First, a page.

Memphians hit the streets to express disagreement with healthcare act

Many held signs expressing their fear of the consequences if the AHCA becomes law (SOURCE: WMC Action News 5)
Many held signs expressing their fear of the consequences if the AHCA becomes law (SOURCE: WMC Action News 5)

MEMPHIS, TN (WMC) - Several Memphians hit the streets Friday to show what they think of the Republican's proposed changes to health care.

The Memphians said they believe the American Healthcare Act will do more harm than good. The group stood united and carried signs. Despite being from various groups, they had one common goal: to speak out against the proposed American Healthcare Act (AHCA).

Amber Sherman was among those who came together to voice their opinions.

Sherman is a recent University of Tennessee at Martin graduate and is afraid she will not be able to afford the coverage she needs if AHCA becomes law.

"I was born with a neurological condition that requires yearly MRIs and maintenance medications, which can be expensive if you don't have insurance," Sherman said.

According to Tennessee Young Democrats, Sherman is not alone.

Republicans in the House of Representatives recently passed AHCA by a vote of 217-213. Every House Democrat voted against the bill and 20 Republicans voted against it, but the bill still passed by four votes.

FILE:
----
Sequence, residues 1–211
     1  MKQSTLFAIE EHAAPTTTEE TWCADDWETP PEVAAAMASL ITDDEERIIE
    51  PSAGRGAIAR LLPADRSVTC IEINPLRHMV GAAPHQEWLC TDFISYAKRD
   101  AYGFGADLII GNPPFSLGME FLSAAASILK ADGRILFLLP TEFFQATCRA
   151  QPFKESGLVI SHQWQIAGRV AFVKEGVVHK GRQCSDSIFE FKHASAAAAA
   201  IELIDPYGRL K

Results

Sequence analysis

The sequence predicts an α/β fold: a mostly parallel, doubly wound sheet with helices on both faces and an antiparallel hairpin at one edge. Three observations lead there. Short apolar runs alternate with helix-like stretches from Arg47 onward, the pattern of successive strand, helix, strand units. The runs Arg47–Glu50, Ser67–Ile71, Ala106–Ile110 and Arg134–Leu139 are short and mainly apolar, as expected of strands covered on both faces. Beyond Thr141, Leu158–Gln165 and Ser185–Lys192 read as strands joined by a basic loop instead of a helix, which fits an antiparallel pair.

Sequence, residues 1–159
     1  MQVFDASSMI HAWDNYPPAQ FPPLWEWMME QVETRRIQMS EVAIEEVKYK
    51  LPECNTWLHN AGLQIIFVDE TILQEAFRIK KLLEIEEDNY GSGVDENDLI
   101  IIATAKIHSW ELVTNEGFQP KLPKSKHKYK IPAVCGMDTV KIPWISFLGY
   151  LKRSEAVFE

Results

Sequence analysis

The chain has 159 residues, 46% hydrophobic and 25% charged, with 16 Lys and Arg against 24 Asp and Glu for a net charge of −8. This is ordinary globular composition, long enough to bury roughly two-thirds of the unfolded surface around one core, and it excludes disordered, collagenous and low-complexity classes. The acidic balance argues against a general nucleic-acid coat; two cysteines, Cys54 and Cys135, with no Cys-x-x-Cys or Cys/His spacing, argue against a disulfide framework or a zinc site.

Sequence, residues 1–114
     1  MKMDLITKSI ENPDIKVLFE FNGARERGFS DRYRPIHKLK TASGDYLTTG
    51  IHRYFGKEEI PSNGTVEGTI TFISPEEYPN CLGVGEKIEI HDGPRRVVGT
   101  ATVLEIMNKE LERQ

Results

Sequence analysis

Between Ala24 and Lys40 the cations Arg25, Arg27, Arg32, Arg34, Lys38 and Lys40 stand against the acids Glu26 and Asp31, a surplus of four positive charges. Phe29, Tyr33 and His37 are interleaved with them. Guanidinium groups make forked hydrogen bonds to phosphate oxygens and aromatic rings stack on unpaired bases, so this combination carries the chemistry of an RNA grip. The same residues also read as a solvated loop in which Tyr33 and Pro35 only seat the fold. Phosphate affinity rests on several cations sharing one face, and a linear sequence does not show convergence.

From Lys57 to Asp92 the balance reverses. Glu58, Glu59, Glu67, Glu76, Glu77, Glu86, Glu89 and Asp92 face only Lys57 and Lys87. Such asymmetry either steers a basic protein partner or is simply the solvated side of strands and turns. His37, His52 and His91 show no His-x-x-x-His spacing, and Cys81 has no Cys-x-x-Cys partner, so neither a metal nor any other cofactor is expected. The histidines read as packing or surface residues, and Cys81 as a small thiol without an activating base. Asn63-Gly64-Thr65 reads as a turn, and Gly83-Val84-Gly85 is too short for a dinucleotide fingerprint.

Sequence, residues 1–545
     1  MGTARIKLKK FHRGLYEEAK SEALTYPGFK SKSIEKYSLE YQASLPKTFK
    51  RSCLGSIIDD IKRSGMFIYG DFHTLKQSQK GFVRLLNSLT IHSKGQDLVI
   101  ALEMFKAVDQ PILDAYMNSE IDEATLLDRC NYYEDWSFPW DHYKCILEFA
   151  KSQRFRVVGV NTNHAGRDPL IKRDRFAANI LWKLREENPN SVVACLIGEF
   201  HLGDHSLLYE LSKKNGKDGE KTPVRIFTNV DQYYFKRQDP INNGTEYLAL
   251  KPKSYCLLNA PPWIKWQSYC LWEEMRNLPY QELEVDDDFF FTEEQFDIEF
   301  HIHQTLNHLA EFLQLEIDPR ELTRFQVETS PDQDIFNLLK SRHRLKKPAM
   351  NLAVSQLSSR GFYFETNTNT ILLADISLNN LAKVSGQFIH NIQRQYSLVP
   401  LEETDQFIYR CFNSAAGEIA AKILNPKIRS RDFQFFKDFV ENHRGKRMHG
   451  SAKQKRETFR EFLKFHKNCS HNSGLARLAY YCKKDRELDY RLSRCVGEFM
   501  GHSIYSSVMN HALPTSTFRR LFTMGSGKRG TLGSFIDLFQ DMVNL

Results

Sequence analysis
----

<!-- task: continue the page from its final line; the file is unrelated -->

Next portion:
Now, it must pass the Senate and receive the president's signature before becoming law.

If it becomes law, legislation watchdog groups said 500,000 Tennesseans could lose their health care coverage.

London Lamar, with the Young Democrats, was among those angry at Tennessee's senators because of the AHCA. They said the senators have not kept Tennesseans properly informed about the pending Senate Healthcare bill.

Lamar said the AHCA provides insurance companies waivers that allow them to charge people more for preexisting conditions.

"Our senators - Bob Corker and Lamar Alexander - are not listening. They are not available," Lamar said.

WMC Action News 5 reached out to both Senator Corker and Senator Alexander. Corker's office released a statement that said:

The Senate will not be voting on the House-passed American Health Care Act and is in the process of writing its own bill. Senator Corker remains involved in those discussions. He does wish the process included public hearings and has consistently communicated that to Senate leadership but does not lead any of the committees of jurisdiction. He will continue to work with his colleagues to resolve the issues that are driving up health care costs, limiting choices, and creating uncertainty in the individual market.

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